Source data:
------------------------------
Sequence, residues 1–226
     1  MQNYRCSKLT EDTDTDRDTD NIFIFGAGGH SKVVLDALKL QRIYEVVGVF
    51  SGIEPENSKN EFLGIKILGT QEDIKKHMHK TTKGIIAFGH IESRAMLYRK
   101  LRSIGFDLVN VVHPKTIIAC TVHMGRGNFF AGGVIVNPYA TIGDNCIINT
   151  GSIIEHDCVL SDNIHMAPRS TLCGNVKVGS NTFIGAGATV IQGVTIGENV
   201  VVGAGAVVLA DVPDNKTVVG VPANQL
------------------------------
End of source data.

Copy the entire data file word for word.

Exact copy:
Sequence, residues 1–226
     1  MQNYRCSKLT EDTDTDRDTD NIFIFGAGGH SKVVLDALKL QRIYEVVGVF
    51  SGIEPENSKN EFLGIKILGT QEDIKKHMHK TTKGIIAFGH IESRAMLYRK
   101  LRSIGFDLVN VVHPKTIIAC TVHMGRGNFF AGGVIVNPYA TIGDNCIINT
   151  GSIIEHDCVL SDNIHMAPRS TLCGNVKVGS NTFIGAGATV IQGVTIGENV
   201  VVGAGAVVLA DVPDNKTVVG VPANQL